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Şükrü Halûk Akalın



Saltuq-name is an Anatolian Turkish legend, which contains the legends of Sarï Saltuq who lived in the XIIIth century in Anatolia and in the Balkans. As a historical personality, Sarï Saltuq was a commander of ‘Izz al-Dīn Kaykā’ūs II, the ruler of the Anatolian of the Seljuks. According to Yazïcïoghlu Ali, Sarï Saltuq crossed over the sea from Uskudar to Dobrudja with nearly 10.000 Turks, and then proceeded to Dobrudja in 1261 (A.H.660)[1]. As a dervish and a warrior, Sarï Saltuq is a well-known Turkish hero as cited in various sources such as Ibn Batuta, Yazïcïoghlu Ali, Seyyid Loqman, Evliya Chelebi, Birzali and also in the oral tradition among the people of the time and the yeniçeri. Among these sources, the first reference to Sarï Saltık is Ibn Batuta who came to Baba Dagh nearly 50 years after the death of Sarï Saltık. Ibn Batuta listened to the legends of Sarï Saltık in Baba Dagh and wrote that all of them were against the Sharia. The second source is Yazıcıoglu Ali’s Târîh-i Âl-i Seljuk, which was mentioned above. We informed from Târîh-i Âl-i Selçuk that after settling in Dobrudja the Tatar Berke Khan of the Crimea moved the Turks of Dobrudja with Sarï Saltuq to the steppes. Soon they were permitted to return to their homeland in Dobrudja under the leadership of Sarï Saltuq. Meanwhile, one of the sons of ‘Izz al- Dīn Kaykā’ūs II, who was held captive by the Byzantine emperor, tried to escape and yet was recaptured and imprisoned. The patriarch asked for the prince from the basileus, baptized him and made him a monk. After serving in the Hagia Sophia for some time, the prince was then sent to Sarï Saltuq upon the latter’s request; the patriarch knew Sarï Saltuq to be a holy man, whose demands he was thus ready to meet. Sarï Saltuq converted the prince back to Islam and, bestowing upon him the name Barak as well as his own supernatural powers which he himself had received from Mahmud-i Hayrani of Akshehir when he was still a shepherd, sent him to the village of Sultaniyya, presumably in Azerbaijan. Sarï Saltuq himself died in Dobrudja shortly after 1300[2]. Kemal Pasha-zade, the author of Tevârih-i Âl-i Osman mentioned in his work the settling of Sarï Saltuq in Dobrudja. According to Evliya Chelebi, the real name of Sarï Saltuq was Muhammad Buharî. Hodja Ahmet Yassawi sent him to Anatolia to Hadji Bektash Vali. In the sources of Bektashi’s Sarï Saltuq appears as a disciple of Hadji Bektash Vali. Some views about Sarï Saltuq in these sources are rather different from each other.

Certainly, the most important source about Sarï Saltuq is Saltuq-name, which was written in the XVth century by Ebū l’Xayr Rūmi.  Ebū l’Xayr Rūmi collected the legends of Sarï Saltuq from the oral tradition with the order of Prince Cem, Mehmed the Conqueror’s younger son. Ebū l’Xayr Rūmi completed his work in 7 years, between 1473-1480.  According to Saltuq-name the real name of Sarï Saltuq was Sheriff Hızır. In his work, Ebū l’Xayr Rūmi did not mention the dates of birth and death of Sarï Saltuq.  But we can estimate these dates from the events appearing in the Saltuq-name.  As can be infered from such events, Sarï Saltuq was born in the first quarter the XIIIth century, and died in the first quarter of the XIVth century.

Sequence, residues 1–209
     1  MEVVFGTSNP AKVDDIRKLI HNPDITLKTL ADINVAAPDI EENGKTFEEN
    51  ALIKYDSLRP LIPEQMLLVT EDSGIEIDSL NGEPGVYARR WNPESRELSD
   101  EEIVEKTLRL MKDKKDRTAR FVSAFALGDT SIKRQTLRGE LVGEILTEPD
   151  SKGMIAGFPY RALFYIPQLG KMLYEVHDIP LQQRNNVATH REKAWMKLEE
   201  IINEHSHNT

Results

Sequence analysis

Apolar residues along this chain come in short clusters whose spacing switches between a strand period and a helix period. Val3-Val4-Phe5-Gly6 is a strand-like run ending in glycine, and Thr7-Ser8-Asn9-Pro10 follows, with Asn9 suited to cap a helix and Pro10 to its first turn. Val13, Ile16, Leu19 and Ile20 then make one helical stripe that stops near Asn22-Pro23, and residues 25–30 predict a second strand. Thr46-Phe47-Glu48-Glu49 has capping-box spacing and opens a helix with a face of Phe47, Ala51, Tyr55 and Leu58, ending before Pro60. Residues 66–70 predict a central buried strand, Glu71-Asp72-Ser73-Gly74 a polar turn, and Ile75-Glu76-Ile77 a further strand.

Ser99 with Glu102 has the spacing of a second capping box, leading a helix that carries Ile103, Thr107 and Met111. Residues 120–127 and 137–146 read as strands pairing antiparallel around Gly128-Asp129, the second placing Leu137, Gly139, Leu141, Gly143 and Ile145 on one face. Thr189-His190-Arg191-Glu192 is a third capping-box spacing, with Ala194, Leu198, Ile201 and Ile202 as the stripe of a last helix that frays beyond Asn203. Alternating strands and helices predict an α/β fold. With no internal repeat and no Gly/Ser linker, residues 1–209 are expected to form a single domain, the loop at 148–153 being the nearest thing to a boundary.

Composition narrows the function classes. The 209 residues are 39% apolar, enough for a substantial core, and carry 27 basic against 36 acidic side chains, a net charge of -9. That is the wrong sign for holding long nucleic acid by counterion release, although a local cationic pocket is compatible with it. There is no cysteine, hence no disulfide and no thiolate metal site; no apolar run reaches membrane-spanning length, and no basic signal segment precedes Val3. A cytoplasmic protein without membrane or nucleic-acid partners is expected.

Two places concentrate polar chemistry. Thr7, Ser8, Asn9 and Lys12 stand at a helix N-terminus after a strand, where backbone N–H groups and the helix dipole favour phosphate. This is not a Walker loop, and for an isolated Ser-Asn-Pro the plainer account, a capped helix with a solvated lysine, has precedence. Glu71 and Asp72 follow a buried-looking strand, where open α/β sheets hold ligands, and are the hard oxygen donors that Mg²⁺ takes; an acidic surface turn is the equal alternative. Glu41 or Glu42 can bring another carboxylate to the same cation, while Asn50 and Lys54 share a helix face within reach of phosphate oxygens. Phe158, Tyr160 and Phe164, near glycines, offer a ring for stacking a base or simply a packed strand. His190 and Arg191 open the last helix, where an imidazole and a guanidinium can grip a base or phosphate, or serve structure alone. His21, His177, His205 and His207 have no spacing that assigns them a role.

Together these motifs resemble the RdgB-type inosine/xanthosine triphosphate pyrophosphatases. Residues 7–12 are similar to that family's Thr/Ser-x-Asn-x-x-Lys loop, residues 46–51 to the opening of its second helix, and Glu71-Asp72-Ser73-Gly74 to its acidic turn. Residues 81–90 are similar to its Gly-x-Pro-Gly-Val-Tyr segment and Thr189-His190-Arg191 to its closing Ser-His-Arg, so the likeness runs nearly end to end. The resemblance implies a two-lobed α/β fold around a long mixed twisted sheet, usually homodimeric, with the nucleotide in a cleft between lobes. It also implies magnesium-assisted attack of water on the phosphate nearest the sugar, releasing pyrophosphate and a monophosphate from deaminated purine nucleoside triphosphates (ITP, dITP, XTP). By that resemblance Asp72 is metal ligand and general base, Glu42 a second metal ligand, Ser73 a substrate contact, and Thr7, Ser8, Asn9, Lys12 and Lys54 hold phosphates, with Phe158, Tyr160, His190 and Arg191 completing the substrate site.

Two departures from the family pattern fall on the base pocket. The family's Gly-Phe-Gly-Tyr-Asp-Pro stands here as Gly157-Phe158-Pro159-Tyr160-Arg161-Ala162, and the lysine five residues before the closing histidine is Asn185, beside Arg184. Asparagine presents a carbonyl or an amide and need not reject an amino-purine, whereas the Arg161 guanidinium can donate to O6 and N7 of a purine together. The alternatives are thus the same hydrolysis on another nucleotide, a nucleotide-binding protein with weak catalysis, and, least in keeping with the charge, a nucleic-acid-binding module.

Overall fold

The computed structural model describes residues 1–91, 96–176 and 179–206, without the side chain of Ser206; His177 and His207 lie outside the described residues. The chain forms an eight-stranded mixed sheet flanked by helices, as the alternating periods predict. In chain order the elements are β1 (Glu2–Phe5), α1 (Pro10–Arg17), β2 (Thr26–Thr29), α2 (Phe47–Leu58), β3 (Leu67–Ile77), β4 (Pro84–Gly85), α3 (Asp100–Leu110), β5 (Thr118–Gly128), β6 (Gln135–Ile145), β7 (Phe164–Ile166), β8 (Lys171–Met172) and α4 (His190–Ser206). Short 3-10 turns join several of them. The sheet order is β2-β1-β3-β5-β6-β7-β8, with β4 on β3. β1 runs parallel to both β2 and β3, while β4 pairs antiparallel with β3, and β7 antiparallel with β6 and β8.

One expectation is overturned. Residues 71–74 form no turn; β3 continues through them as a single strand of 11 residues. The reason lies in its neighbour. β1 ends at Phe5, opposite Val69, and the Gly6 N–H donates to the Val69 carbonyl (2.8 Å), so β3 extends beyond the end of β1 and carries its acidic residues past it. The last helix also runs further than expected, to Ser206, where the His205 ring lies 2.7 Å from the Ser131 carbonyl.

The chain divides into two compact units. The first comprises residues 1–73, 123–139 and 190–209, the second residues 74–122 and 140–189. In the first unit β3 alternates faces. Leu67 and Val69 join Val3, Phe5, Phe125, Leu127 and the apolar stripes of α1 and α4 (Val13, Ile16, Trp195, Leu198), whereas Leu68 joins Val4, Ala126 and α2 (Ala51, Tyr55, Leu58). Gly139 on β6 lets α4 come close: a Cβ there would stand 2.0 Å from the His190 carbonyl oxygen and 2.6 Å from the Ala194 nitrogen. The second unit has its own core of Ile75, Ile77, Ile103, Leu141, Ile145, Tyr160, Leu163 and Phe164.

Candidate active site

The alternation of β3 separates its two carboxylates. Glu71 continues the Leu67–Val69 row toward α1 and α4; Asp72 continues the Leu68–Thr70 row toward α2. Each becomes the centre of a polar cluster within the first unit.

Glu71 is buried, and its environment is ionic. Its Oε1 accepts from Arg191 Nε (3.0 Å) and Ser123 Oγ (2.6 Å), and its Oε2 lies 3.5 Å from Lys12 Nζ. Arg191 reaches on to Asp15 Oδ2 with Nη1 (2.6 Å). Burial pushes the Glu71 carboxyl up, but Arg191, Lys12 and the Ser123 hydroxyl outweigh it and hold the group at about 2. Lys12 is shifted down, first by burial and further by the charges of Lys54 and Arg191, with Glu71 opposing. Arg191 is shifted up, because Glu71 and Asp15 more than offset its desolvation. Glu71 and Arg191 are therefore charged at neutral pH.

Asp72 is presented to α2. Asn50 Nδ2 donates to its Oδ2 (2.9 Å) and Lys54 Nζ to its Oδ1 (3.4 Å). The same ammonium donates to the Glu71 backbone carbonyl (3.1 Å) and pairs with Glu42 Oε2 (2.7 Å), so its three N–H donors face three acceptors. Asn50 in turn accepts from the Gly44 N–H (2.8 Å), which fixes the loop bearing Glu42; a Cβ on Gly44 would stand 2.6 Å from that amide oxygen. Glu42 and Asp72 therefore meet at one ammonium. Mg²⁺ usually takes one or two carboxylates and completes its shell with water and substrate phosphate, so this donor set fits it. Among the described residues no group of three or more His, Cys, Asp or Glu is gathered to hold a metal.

There are six manuscripts of the Saltuq-name, one of which is in the Topkapı Palace Museum Treasury Library, and was published in Harvard University as facsimile by Fahir İz and Şinasi Tekin. Two in the Ankara National Library; one in the Library of the University of Istanbul; one in the Library of Halil Nuri Yurdakul in Bor (a suburban town of the city of Niğde). These manuscripts were copied between the XVIth and XVIIIth centuries. And, one copy is in a private library in Sivas, which was copied in the XIXth century. I reviewed and compared these manuscripts and prepared a critical edition of Saltuq-name, which was published by the Ministry of Culture in Ankara as three volumes in 1988[3].

We can find historical events of the XIIIth century besides the legends of Sarï Saltuq in Saltuq-name. According to Saltuq-name, Sarï Saltuq battled for the conquest of Anatolia and the Balkans. In some legends, Sarï Saltuq and Osman, founder of the Ottoman Empire, fought against the enemy together. He always revered Osman. There are legends about the historical persons of the XIIIth and XIVth centuries. For example, Nasreddin Hodja, Hajji Bektash, Karaja Ahmed, Gıyasuddin Keyhusrev, Sultan Alauddin, ‘Izz al-Dīn Kaykā’ūs II, Umur Bey and etc.

Also there are some fantastic stories in Saltuq-name. Certainly, the hero of the most fantastic stories is Sarï Saltuq. He battled with witches, dragons, and dangerous, wild animals. He went to Kaf Mountain, and flew on the shoulder of the Simurg, the mythological bird. He had mythological guns. Minu Çihr, the genie helped him when he was in danger. Hızır rescued him several times from enemy.  He talked with the dead, and they responded to him from their graves, and learned something about afterlife. Once, he even talked with the Prophet Muhammed and caliph Ali in their graves. Next, he found elixir, the water of life but could not drink it.

In Saltuq-name, there is a tale about a mysterious ship, made from copper. Actually, this is the death ship, and it comes from afterlife, which sails only in winter. The sailors of this ship were genies. They sunk ships, and killed sailors who sailed untimely.                  

In this paper, I try to present information of the beliefs on afterlife in Saltuq-name. Certainly, these beliefs belong to the teller of the legends as well as to the author of the Saltuq-name.

In the first volume of Saltuq-name, after a long journey, Sarï Saltuq comes to a place, which looks like paradise behind the Kaf Mountain with four genies. Hızır was also with Sarï Saltuq. This was a flourishing place. Everybody was in peace and quite. People never work in this place. They were sitting under the trees, and they were talking to each other. Everybody was in great pleasure. They were meeting their needs from big trees, which provided all kinds of things to eat. There were also some trees, which bore fruit as shirts and caftans. The clothes here never get dirty or wear out. There was no death, nor any illness in this place. All the people here are young. All men were thirty-three years old, and all of women fifteen. The buildings were made of gold and silver, and were decorated with pearl, ruby and emerald. The ground bears the smell of musk, ambergris and camphor. The river flowing in this country tastes like honey and milk. Genies said that this river was flowing from heaven[4].